My kids developed stronger bonds with family they rarely get to see, and they learned at Disney, as well as in countries around the world.

    Now that my oldest is in high school, she wouldn’t even consider missing school for travel. The work is too demanding! But the private school schedule is much more conducive to travel. The kids get a couple of weeks in the winter and a couple of weeks in the spring, along with several long weekends. So the kids work hard, but they can take real breaks too. And the family can plan vacations around those time slots.

    Oh, and they end at the very beginning of June – as opposed to the end of June like many of the public schools.

    Just a thought, but if public schools schedules were more generous with vacation schedules, parents wouldn’t have to take time off during the school year.

    But that’s another controversial subject, right?

  13. I just want to chime in on the last point, about the restrictive public school schedules.  Our school doesn’t end until mid-June, and starts again in mid-August.  If the student is in band, football, etc., practices for those start at the beginning of August.  They’ve essentially whittled down our kids’ “summer” vacation down to 6 weeks, which don’t necessarily correspond with the parents’ schedules.  Because of this, I don’t feel guilty at all about taking my kids out during the school year.

  14. Maybe it’s because my parents took me out of school for my first trip to Disney World, but I have no problem with it.  We’ve done it twice, when our children were younger.  We went the week after Thanksgiving, which I figured would be a natural “break” point for the teacher’s lesson plans, and our kids had the week of Thanksgiving to complete their assignments so they weren’t burdened with them at Disney World.  Now that my daughter’s in 11th grade, though, I wouldn’t dream of it.  It’s just too hard for her to get caught up.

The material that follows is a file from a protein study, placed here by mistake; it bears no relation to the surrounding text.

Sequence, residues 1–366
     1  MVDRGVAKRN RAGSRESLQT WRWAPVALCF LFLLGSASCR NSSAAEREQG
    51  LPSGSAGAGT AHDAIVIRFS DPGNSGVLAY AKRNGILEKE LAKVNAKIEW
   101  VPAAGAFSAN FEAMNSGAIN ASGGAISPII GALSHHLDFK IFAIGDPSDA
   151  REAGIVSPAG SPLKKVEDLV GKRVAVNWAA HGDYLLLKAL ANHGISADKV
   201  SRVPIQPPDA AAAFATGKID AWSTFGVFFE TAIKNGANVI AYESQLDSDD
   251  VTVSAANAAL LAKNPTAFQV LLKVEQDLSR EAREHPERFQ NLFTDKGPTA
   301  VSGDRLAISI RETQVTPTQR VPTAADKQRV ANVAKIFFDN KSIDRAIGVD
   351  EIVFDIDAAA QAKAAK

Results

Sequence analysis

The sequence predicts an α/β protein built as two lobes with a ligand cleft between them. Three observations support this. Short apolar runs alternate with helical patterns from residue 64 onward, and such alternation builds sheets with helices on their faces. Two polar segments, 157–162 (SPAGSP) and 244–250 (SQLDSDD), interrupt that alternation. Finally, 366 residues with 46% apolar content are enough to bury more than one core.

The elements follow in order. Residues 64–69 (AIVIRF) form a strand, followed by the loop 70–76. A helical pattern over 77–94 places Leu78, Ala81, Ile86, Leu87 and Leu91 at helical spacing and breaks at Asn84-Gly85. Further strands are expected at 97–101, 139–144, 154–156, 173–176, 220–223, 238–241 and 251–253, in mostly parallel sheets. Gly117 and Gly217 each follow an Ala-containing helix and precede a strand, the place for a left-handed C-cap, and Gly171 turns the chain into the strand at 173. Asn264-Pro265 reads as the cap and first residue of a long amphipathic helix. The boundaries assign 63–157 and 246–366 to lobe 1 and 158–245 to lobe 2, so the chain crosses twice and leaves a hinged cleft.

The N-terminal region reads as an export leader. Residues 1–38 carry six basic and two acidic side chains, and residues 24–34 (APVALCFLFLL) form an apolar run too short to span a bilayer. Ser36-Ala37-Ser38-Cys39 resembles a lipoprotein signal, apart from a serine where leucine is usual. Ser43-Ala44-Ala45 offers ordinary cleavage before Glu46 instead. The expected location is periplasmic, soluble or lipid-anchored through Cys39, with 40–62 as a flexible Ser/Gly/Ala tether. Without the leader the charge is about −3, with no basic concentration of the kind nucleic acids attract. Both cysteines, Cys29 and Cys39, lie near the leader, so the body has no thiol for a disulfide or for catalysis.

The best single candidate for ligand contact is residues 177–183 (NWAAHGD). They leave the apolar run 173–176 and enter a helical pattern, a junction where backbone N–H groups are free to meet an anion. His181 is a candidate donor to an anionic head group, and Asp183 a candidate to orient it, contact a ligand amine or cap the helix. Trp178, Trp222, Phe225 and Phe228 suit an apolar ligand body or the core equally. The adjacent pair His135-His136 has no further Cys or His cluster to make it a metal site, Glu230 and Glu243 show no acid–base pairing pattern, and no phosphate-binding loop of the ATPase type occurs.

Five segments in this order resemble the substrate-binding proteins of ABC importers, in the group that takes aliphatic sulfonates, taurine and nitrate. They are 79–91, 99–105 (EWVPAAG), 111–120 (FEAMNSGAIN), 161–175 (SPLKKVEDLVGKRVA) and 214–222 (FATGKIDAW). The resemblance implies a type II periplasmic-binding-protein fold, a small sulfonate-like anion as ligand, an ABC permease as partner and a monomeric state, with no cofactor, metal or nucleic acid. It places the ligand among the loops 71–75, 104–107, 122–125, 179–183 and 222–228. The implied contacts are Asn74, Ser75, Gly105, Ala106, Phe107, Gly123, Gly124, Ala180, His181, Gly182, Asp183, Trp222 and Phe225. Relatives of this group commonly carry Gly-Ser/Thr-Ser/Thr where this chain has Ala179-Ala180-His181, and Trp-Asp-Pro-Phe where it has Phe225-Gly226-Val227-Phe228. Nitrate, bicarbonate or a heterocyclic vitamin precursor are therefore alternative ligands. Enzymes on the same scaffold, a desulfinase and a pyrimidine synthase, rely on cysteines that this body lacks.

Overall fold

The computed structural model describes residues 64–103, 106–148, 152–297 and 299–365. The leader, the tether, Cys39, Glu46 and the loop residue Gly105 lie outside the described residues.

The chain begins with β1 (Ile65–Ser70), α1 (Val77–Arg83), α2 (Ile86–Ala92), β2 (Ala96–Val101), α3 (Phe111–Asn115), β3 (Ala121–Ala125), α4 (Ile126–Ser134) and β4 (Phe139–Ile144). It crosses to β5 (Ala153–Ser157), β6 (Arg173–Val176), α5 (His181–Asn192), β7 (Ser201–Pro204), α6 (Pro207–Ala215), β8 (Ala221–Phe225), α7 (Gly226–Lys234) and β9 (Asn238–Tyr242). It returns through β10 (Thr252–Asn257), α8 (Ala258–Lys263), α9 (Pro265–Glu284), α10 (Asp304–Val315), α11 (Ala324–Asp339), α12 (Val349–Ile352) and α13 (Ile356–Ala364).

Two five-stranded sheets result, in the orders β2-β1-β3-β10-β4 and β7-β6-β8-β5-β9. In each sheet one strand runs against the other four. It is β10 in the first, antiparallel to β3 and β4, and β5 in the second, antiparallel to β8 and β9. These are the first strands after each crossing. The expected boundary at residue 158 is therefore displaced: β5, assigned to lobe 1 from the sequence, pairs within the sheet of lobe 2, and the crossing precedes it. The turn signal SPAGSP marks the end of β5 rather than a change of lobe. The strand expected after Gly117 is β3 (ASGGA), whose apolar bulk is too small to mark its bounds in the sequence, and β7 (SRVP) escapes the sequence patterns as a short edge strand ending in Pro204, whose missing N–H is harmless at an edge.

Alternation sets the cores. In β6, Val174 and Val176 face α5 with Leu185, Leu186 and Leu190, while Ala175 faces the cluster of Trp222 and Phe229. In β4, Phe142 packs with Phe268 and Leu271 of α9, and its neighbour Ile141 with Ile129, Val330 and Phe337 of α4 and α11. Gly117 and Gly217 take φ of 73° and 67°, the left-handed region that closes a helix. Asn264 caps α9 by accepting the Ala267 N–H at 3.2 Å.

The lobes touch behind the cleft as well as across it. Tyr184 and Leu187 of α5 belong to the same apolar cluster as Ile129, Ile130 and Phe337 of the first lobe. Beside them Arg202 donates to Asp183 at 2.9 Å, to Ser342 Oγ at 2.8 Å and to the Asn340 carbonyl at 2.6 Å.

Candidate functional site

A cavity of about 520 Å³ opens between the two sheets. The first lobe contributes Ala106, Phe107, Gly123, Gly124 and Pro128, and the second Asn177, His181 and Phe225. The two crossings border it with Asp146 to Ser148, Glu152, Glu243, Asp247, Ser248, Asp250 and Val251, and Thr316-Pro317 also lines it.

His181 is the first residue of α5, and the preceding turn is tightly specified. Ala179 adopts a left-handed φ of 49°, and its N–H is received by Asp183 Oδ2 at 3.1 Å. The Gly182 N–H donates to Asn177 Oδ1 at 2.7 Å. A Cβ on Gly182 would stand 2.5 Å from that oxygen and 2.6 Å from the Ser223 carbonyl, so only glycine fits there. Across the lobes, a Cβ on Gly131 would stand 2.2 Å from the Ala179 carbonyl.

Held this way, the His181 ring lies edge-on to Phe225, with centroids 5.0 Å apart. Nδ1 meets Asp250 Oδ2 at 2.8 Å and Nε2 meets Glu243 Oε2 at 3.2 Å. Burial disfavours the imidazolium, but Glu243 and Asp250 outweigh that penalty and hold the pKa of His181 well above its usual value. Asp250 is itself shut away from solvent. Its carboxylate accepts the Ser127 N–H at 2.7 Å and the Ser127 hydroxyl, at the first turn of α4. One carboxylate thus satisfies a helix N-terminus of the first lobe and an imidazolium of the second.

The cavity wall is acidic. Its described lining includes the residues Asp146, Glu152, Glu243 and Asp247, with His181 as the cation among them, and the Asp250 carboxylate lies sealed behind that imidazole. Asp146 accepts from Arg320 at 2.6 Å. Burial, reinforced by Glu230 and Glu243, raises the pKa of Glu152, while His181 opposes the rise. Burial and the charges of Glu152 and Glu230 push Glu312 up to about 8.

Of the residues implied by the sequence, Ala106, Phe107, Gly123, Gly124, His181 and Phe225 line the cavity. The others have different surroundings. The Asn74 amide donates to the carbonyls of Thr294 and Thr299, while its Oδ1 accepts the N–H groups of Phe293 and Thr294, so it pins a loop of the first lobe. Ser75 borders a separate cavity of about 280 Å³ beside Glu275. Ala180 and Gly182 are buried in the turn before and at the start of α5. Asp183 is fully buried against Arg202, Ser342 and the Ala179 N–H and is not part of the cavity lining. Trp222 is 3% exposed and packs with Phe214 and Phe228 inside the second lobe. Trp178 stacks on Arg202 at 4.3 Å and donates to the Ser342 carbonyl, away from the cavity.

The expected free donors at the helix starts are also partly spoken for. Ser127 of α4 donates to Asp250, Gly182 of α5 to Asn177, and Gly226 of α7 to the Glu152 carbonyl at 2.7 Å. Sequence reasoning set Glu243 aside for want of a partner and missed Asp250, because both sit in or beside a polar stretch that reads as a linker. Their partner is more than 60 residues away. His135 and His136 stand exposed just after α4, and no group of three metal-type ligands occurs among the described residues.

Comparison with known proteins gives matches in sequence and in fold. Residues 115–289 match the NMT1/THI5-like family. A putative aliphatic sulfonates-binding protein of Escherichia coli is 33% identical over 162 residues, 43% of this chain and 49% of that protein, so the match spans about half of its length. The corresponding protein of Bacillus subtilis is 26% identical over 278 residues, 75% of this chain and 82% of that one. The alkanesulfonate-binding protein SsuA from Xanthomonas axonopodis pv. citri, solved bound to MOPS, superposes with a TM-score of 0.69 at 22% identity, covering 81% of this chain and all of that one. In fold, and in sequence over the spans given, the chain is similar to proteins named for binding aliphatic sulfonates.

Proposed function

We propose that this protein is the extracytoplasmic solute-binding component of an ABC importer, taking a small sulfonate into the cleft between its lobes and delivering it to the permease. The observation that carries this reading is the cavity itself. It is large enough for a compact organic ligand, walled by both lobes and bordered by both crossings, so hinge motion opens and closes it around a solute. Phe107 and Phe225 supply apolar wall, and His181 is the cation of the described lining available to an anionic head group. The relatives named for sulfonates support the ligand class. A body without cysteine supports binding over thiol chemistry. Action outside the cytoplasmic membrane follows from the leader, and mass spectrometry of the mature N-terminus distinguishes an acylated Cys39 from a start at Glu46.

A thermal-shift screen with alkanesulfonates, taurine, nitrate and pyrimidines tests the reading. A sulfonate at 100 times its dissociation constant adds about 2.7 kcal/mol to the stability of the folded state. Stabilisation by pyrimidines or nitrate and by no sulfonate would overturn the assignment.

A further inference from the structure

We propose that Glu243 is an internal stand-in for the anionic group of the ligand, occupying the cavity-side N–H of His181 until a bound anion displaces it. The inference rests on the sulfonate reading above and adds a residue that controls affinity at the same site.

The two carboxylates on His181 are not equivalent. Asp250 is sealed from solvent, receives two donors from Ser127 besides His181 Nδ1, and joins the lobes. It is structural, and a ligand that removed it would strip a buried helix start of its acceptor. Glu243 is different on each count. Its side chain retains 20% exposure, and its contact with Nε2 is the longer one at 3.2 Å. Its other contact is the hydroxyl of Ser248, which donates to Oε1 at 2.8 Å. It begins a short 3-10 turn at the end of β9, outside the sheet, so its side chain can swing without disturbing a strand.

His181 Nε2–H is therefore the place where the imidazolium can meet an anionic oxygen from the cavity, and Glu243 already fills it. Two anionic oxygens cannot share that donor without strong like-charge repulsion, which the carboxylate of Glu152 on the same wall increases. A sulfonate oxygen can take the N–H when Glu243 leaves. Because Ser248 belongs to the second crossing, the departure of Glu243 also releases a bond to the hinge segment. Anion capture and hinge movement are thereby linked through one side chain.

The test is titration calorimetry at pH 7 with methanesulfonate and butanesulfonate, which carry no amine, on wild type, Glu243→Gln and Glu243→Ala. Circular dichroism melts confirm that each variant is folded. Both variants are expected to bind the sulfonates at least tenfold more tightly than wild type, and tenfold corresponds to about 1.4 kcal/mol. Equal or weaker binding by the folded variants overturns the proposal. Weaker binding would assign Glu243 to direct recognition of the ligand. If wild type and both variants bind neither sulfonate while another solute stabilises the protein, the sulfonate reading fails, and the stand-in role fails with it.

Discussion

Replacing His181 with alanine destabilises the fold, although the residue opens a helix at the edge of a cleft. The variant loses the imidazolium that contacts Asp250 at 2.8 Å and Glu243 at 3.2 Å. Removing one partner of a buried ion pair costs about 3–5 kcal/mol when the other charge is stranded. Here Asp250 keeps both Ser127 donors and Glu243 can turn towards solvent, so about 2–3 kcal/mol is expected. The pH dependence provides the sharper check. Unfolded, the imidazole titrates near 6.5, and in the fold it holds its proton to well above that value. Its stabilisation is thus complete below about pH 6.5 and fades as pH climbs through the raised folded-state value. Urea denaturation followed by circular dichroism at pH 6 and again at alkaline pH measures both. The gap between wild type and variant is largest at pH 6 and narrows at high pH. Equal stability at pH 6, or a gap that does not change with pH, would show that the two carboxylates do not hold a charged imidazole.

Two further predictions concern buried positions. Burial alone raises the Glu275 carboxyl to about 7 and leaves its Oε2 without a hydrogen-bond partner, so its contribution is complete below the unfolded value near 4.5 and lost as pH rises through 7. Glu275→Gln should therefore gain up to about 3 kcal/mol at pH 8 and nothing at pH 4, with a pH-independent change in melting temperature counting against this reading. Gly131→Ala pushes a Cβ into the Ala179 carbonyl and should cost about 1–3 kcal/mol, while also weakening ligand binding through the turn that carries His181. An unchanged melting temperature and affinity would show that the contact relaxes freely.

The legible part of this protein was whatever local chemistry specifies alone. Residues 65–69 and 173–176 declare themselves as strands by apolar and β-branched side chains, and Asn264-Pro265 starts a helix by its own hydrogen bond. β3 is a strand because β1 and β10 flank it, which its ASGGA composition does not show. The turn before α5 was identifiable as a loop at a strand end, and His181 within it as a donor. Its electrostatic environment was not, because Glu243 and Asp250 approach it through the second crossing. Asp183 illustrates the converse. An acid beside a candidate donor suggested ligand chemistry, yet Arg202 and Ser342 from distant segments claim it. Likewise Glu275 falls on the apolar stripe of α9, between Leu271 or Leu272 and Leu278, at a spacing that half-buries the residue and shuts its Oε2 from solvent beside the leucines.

15. Sandra –  The schools have to be in session for a certain number of days to receive federal funding. For public schools it is more complicated to work this into other events, holidays, and things that are within the calendar year. Schools in different regions and private schools also have spring breaks and summer vacations that are quite different to allow less over crowding issues. I know our spring break is drastically different than those in Florida, plus we have mid-winter break to avoid high heating costs.

  16. Mark, I think that school schedules have little to do with whether the school is private or public. Public schools must be in session 180 days to receive aid. Those days before the school year for band/football and other practices do not count. They are responsibilities that students have when they opt into one of those activities. With that said, I am bracing myself since my oldest just started band. Walking his instrument into school today in the snow was just the start of our adventure. Families need to do what is best for them, but need to think about the consequences for the child involved.

  17. Mark, I agree. I think people that grew up going on family vacations during school think it is second nature. I was one of them, until I was the teacher in the classroom. Then, once I was the parent that was home and had the other options of time it was different again. It sounds like you looked at the big picture of the best times that were less of an impact on everyone and that is huge. Agree, high school changes the entire situation completely. Thanks for stopping by and weighing in.

  18. We take our children out each year for the 5 consecutive days they are “allotted”.  I was a public school teacher (before kiddos) and never had an issue with a family wanting to spend time together for a vacation.  In today’s society we are running out of family time as it is- summer is not the only time people can committ to time away for a variety of reasons. Out side of the Christmas holiday break, we have very nothing in the way of days off in a row. Our local private schools have lots of options for off summer travel for families.  I cannot help but feel they value these trips more than public schools.  I certainly understand the importance of school and education, BUT, the way I see it- in 20 years my daughter is NOT going to remember what she did for a week in 3rd grade (K, 5th grade or 11th grade for that matter) but she will remember the memories made in WDW (or this year it was an island vacation).  She will not be scarred for life educationally for missing a week to gain family experiences.  We will play each year by ear of course, but as of now we have taken our kids out for a week each winter.  It is worth it to us as a family to work hard to make up the work and be in sync with the rest of the students.